Tree testing: A complete guide

Tree testing: A complete guide

Content organization is one of the most critical activities when building a new product or improving the user experience of an existing product. Logical and intuitive information organization is essential for creating a good user experience.

In this article, we will discuss a technique called tree testing that helps us test the structure of our content.

What is a tree testing?

Tree testing is a method of evaluating the hierarchical structure and findability of your content. You may wonder why this testing has the word ‘tree’ in it. A typical website or mobile app comprises a hierarchy of categories and subcategories, all branch out from the homepage/home screen. This hierarchy of content visually looks like a tree.

How tree testing works

Tree testing is a simple exercise. You invite people who represent your target audience and ask them to find the locations of specific items in the existing structure.

Tree testing doesn’t require interaction with the actual products; test participants interact with accordions representing a product’s structure. Based on the testing results, you can see where your users would expect to find the information, and you can make improvements to your product based on real user behavior.

Tree testing vs. Card sorting

Card sorting and tree testing are two popular methods that product creators use to organize information in a product. It is essential to understand the difference between the two.

Tree testing is the inverse of a card sort.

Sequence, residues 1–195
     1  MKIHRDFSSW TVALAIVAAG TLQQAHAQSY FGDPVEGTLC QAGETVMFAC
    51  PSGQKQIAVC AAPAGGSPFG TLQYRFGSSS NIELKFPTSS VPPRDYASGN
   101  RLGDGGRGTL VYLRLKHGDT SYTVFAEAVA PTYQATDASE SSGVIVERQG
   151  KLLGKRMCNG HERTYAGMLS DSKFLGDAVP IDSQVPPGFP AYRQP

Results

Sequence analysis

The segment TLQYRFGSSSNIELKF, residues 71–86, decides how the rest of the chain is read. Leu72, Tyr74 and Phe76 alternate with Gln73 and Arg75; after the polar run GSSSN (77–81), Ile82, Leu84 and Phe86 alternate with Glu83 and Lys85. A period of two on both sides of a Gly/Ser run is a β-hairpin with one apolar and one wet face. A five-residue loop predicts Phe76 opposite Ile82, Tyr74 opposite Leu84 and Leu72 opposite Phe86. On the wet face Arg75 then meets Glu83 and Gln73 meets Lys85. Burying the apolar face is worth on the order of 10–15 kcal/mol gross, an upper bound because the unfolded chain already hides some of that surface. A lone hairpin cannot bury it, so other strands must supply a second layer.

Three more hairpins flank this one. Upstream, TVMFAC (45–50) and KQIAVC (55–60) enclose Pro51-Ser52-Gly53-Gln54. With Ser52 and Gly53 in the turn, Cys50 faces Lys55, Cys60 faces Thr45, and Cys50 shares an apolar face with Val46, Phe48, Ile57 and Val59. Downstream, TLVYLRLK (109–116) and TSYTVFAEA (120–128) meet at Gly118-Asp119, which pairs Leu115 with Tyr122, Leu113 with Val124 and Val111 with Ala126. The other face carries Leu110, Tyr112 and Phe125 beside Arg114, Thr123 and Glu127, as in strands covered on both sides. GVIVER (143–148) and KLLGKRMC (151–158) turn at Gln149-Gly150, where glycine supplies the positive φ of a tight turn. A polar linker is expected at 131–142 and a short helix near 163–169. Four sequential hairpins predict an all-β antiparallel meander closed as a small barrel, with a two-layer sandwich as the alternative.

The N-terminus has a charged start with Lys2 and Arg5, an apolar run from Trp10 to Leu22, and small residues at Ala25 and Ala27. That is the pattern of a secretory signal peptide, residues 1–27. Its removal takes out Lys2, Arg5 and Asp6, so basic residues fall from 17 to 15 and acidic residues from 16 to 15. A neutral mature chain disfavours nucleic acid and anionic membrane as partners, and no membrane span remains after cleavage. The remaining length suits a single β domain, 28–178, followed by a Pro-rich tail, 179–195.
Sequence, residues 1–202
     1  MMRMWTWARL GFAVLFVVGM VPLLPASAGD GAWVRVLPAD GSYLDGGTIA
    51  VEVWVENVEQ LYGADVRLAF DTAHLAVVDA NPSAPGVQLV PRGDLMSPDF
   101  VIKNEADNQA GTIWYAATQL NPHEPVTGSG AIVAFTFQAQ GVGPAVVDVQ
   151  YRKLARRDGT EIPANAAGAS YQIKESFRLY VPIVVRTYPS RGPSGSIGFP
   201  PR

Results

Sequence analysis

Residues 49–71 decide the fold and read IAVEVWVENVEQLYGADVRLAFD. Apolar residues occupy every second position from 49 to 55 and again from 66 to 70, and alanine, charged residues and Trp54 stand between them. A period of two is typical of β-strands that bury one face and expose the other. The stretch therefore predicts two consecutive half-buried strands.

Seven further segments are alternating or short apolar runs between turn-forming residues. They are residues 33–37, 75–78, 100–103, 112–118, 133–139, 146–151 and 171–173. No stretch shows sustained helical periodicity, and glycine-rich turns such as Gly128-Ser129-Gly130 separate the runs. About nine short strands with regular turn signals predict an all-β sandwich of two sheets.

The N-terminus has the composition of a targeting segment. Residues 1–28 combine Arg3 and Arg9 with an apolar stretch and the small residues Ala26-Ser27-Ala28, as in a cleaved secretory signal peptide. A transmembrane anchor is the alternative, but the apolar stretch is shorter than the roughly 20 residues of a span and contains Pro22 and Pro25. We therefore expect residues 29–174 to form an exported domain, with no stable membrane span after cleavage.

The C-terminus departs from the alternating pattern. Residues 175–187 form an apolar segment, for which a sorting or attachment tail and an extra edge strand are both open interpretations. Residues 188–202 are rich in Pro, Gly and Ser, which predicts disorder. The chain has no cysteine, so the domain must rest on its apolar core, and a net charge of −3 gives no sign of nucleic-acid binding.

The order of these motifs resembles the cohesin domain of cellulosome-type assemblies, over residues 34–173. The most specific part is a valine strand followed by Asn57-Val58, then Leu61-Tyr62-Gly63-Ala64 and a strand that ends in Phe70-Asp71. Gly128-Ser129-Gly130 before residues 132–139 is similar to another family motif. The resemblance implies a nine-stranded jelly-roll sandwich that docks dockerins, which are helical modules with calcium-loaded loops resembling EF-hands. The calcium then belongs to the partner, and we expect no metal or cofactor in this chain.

Instead of giving users cards with the names of the items and asking them to sort the cards in piles that make sense to them, you present users with the actual navigation structure and ask them to find a specific item.

Tree testing is incredibly useful as a follow-up to card sorting. First, you conduct card sorting to understand the user’s mental model and use this information to design a hierarchy of information in your product.

Card sorting and tree testing. Image by Nick Babich.

When to use tree testing

Tree testing is valuable when you’re working on a redesign of your product. Tree testing will help you identify areas where your navigation system doesn’t perform as expected, so the user cannot find what they need. This technique will tell you what labels should be changed and why. Then you conduct tree testing to evaluate a hierarchy according to how it performs in real-world scenarios.

You need to conduct tree testing before and after the redesign. Before starting to change the information architecture of your product, conduct tree testing of an existing product to define the baseline metrics you will use to understand how your product performs. Then, conduct another tree testing after the launch of the new version to see if you have any improvements.

5-step guide on how to conduct tree testing

Let’s discuss 5-steps that you must go through to conduct tree testing.

Step 1: Create a sitemap of your product

First, you need to create a sitemap. A sitemap is a visual representation of the content available on your website or in your app. The sitemap contains parent and child pages and helps us see a product’s overall hierarchy of content. Here you can see an example of a sitemap for the eCommerce website.

Sitemap of eCommerce website. Image by Nick Babich.